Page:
The 106th can't thank Carol enough for her generous and kind remembrance.
SPECIAL BULLETIN ABOUT "THE BIG PICTURE"
Want to see and hear about the 106th in the Battle of St. Vith ?
I will have the film for the convention for those who might have missed the TV broadcasts (Channel 11, WPIX) on May 1 and May 6.
Those of you who saw this show are urged to send me your honest comments so that I may pass them on to the director.
— Doug Coffey
GOLDEN LIONS IN
BATTLE OF THE ARDENNES
In the Christmas issue of the CUB Doug Coffey, COGL, who has contributed so much of his time and talents as Memorial chairman, supplied an article— "Appraisal of the U. S. Army During the Battle of the Ardennes, 1944-45."
The appraisal was made by General Hasso Von Manteuffel, commanding the German Fifth Panzer Army which attacked the 106th Division on 16 December 1944. General Manteuffel contributed a study on The Ardennes in a book titled "Fatal Decisions" published in 1956 by William Sloan Associates. Here are some extracts pertaining to the attack of his army on the front of the 106th Division:
"The left wing of the LXVIth Army Corps was noticeably slower in its advance into the Eifel. This endangered our plans for rapidly sealing off the Schnee-Eifel." "This, however, was the essential preliminary to the next stage of our advance, which was to be through Schonberg to St. Vith. St. Vith, the center of a considerable road network, was as important a point on this sector as was Bastogne on the army's left flank." ...
"I spent the night of December 16/17 with the staff of the 18th People's Grenadier Division which held the key to the operations on this part of the front. Thanks to the energy of the divisional commander, this division succeeded in capturing Schonberg on the morning of the 17th . .". "It could not quickly capture the vital road junction of St. Vith, which was a pivot in the enemy's defensive position, and which it was essential that we seize for the sake of operations of the Sixth SS Panzer Army." The enemy forces threatened with encircle.. ment in the Schnee-Eifel attacked westwards, straight across the line of advance of the corps' left-hand Battle Group. THIS HELD THE CORPS UP AND IT FAILED TO CAPTURE ST. VITH ON THE 17th." (Caps are mine.)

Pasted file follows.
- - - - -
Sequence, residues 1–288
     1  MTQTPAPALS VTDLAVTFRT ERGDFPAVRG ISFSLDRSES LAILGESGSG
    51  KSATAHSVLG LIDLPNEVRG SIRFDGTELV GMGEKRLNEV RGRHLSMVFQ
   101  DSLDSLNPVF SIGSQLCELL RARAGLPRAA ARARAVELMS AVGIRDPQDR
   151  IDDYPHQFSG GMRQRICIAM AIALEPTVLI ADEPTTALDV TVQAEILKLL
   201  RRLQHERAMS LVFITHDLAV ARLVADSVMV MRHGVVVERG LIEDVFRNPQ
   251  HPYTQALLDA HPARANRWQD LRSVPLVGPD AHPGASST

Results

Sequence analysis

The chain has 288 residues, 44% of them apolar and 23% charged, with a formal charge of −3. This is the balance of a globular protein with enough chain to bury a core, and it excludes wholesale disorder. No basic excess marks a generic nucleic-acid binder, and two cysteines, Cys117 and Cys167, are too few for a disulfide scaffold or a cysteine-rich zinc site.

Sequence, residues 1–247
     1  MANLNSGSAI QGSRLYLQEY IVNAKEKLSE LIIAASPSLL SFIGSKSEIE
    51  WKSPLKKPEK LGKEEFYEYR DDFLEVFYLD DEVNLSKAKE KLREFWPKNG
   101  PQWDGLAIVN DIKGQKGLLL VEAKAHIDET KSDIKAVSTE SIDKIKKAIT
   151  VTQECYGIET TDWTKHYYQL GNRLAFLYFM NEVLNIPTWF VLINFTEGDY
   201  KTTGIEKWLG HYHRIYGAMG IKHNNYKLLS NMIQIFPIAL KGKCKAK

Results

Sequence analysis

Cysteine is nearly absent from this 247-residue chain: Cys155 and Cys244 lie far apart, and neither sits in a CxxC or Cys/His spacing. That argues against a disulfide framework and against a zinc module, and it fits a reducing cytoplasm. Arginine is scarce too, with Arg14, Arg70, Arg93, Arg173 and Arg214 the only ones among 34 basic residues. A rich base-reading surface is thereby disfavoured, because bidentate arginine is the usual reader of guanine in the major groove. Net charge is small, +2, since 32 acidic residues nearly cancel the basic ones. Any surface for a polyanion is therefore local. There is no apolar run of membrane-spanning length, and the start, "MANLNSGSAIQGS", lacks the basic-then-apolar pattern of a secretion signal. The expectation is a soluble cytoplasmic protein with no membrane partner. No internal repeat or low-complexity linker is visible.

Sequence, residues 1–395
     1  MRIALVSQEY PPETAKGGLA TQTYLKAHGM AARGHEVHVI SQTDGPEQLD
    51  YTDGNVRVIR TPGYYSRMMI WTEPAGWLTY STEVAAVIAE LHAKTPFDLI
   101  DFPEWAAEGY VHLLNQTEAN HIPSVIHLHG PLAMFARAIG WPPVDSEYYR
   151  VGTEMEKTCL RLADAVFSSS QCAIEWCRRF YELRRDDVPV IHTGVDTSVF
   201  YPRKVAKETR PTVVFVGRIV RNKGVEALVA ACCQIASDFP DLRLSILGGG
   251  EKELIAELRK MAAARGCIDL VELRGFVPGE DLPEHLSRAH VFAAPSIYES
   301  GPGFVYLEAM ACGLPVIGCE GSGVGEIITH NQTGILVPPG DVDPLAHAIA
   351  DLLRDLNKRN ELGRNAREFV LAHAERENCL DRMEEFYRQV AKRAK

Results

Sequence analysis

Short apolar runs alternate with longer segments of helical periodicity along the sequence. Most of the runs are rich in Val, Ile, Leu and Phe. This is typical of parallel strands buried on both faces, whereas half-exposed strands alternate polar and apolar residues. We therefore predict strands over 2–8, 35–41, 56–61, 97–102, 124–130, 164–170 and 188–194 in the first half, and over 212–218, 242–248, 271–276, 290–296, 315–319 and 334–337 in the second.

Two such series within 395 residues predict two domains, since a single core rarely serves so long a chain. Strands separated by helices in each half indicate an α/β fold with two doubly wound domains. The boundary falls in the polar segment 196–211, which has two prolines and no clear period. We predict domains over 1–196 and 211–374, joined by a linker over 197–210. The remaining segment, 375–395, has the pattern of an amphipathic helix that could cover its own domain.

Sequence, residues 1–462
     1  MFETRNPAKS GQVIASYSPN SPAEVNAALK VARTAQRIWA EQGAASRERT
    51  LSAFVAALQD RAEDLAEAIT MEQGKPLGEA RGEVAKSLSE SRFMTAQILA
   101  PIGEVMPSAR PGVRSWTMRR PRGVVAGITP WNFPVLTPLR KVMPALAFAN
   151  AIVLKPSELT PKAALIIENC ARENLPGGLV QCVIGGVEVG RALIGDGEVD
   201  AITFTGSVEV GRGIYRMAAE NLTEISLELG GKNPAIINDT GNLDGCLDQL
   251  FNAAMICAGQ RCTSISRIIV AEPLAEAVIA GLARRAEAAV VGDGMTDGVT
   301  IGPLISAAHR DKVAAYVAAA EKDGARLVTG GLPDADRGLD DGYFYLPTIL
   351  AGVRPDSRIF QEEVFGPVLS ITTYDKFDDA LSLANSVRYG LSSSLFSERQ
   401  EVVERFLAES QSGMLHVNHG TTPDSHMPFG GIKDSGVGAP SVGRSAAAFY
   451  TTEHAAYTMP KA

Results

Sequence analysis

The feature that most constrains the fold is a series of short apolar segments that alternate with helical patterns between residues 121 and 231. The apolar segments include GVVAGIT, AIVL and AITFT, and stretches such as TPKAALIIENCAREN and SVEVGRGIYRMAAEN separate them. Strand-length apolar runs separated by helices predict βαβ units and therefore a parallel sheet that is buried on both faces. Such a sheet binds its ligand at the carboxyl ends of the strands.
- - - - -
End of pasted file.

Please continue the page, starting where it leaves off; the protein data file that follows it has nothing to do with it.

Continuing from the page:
General Von Manteuffel is referring to the fighting that day of the 423rd Infantry and its attached Co. B, 81st Engr. Bn. and Troop B, 18th Cavalry Squadron. This is covered in the Division History "Lion in the Way"— under the heading, "The Second Red Day — 423rd Infantry."
PRODUCERS' RELEASE ON "THE BATTLE OF ST. VITH"
Twenty years after the Battle of the Bulge, two opposing military figures have been brought together in a Belgian Ardennes village to recall a fierce, key engagement that opened "the greatest pitched battle over fought by American troops." The defense of that village, in the face of the massive German Counteroffensive of December 1944, is the subject of the two-part 'Big Picture' "The Battle at St. Vith," made and released by the Department of the Army.
"St. Vith had to be taken. It could not be spared," recalls Fifth Panzer Army Commander General Hasso von Manteuffel, in this filmed meeting with General Bruce C. Clarke, one of the leaders of the conglomerate, confused, outnumbered American forces whose defense of the town, an important road and rail junction, was a fatal blow to the overall. German plan.
Placing the battle at St. Vith in perspective, Hitler's plan for the Counteroffensive is described by the former Chief of Staff to Field Marshall von Rundstedt, General Siegfried Westphal, who was Rimed for this project at his offices in Bonn.
From the opening guns at dawn on December 16th, the battle at St. Vith unfolds on the screen in American and captured German combat footage, and in the faces and the unrehearsed words of men who fought there, from Infantry Private Bill Dassinger, now a bartender in New York, to General Clarke's former commanding officer in the 7th Armored Division, General Robert Hasbrouck. The part played by the 7th Armored is further elaborated by veterans Colonel V. L. Boylan; former Lieutenant Will Rogers Jr., now a California newspaper publisher; and Colonel Don Boyer, who also returned to St. Vith from his current assignment to help make this film.